U.S. Forest Service (USFS) Clear Creek District Ranger Scott Haas and Forest Supervisor Monte Williams presented a proposal to the Commissioners that in collaboration with Gilpin County, to procure available Federal funds for mitigation and fire control to reduce the risk of large catastrophic mega fires such as those that occurred in Paradise, California. Forest treatment and new techniques for mitigation basically started three years ago in northern Colorado where the Forest Service owns a large portion of land to experiment and collect data using these new techniques. A YouTube video by USFS Sr. Landscape Ecologist Dr. Paul Hessburg was presented focusing on the constantly evolving patchwork of open and closed canopy forests that we inherited. This patchwork forest prevented the mega fires from developing, keeping fires localized to a small area. In recent history humans have influenced the forest by eliminating this patchwork through the building of roads and railroads, logging the largest of trees leaving the smaller thin barked fire sensitive trees, and by declaring fire as the “Number one enemy” and extinguishing them as soon as possible. Dr. Hessman explained that we need to learn to use fire as a tool and let fire do the job that fire does best to create this patchwork and prevent the forming of these large scale fires. After the video, additional information was shared with the Commissioners concerning the forest treatments already planned in Boulder, Clear Creek, and Gilpin Counties. The biggest hurdle that stands in the way of these treatments is the social acceptance of these new techniques. Prescribed burns and intentionally set fires are attached with a stigma that will be hard to publicly overcome. The Commissioners thanked the USFS employees for their presentation.
Law Enforcement Shooting Range Lease
Gilpin County Commissioners approved a Lease Agreement for the Law Enforcement Shooting Range as presented by Gilpin County Sheriff Kevin Armstrong. The Lease is between Goltra Ranch L.L.C., a Delaware Limited Liability Company and Gilpin County for a term of one year effective October 1, 2019. The rental Term shall be $6,000 which will be payable in monthly installments of $500 per month.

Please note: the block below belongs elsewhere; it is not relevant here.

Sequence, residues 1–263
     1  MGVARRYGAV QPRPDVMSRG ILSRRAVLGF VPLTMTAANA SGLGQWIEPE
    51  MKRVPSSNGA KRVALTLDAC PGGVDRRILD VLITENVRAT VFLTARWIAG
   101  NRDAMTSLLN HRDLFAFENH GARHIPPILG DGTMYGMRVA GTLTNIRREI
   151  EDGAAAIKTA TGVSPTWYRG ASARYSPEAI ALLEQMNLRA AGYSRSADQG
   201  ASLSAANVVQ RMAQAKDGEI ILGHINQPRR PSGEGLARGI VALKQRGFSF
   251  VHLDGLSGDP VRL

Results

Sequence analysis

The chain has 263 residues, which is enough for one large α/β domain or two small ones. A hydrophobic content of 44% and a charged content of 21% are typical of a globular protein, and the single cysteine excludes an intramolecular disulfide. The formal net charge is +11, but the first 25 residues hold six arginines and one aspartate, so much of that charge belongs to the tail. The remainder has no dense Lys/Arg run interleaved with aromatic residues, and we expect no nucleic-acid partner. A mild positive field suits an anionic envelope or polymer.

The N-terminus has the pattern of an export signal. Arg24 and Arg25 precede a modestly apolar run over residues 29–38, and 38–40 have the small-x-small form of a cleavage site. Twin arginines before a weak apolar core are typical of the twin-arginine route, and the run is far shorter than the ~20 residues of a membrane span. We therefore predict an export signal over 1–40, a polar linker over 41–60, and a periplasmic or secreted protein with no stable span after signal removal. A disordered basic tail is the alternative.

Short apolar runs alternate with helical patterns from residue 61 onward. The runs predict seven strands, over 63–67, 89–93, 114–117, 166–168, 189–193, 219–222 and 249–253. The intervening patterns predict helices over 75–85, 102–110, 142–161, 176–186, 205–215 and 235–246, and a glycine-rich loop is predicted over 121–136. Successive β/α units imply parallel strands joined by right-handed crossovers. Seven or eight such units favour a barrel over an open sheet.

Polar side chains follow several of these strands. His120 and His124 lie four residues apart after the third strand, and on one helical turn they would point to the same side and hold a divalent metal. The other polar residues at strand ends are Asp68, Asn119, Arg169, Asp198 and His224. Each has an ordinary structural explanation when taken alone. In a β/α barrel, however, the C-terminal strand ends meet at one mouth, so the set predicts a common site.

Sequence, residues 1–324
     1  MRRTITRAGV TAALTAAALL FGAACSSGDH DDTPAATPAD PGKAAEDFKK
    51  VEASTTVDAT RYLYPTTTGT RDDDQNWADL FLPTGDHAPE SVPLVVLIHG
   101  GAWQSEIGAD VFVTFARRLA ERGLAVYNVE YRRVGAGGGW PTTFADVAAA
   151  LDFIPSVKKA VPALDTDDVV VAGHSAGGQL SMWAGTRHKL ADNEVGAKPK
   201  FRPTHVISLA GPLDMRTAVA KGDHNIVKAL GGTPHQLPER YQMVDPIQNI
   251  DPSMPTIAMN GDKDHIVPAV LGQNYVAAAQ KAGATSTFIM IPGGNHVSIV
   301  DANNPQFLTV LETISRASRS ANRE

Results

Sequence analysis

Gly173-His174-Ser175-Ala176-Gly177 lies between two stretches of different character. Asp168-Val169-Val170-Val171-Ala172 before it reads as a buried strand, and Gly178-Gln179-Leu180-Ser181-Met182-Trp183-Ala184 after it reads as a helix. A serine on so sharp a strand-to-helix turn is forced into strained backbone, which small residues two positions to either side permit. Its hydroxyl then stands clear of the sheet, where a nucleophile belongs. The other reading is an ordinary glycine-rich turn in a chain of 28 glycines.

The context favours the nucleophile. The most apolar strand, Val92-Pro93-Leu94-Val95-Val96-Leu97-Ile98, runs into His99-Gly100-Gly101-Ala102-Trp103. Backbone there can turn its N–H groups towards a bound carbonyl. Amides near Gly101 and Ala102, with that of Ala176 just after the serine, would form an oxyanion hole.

Employee Insurance Renewal
Human Resources Director Susie Allen and Moody Insurance Agent Cheryl Harding presented the Gilpin County Employee Insurance Renewal proposal for 2020. Carriers for Dental, Eye Care, and Healthcare are the same as last year. Life, Long-term Care, and Accidental Death insurance will soon be carried by The Hartford as opposed to Sunlife. The change will result in a .62% decrease in premiums thus reducing the costs to Gilpin County. Gilpin County BOCC approved the renewal proposal unanimously.
County Manager’s Report
County Manager Abel Montoya reported that a code violation warning letter that was sent out to a property owner on Virginia Canyon Road stating that they are in violation of a commercial use on the property. The property was being rented by a family as an automatic weapon firing range for a one-time, single family event. The automatic weapons were supplied by Machine Gun Tours who also provided Range Safety Officers. Gilpin County Sheriff’s Office responded to complaints of automatic gun fire on the property and upon arrival found that all the weapons were in compliance and there was no alcohol involved, and no summons or cease or desist order issued and the activity was allowed to continue. The property owner has ten days to respond to Community Development Department to discuss compliance before a second warning is issued.
Gilpin County Commissioners approved the meeting minutes from the September 3rd and September 24th regular meetings, and the October 1st special meeting with no corrections or amendments.
|October 17, Thursday, 9:00 a.m. – BoCC Work Session, Gilpin County Courthouse 203 Eureka Street|
Gilpin County Commissioners moved to adjourn into Executive Session per CRS, 24-6-402(4)(e) Determining positions relative to matters that may be subject to negotiations; developing strategy for negotiations; and instructing negotiators; and CRS, 24-6-402(4)(b) Conferences with an attorney for the local public body for the purposes of receiving legal advice on specific legal questions.
The next Gilpin County Commissioners regular meeting will be October 22, 2019 at 9:00 AM at the Gilpin County Courthouse at 203 Eureka St. Central City, Colorado. For more information visit the Gilpin County website at http://gilpincounty.org.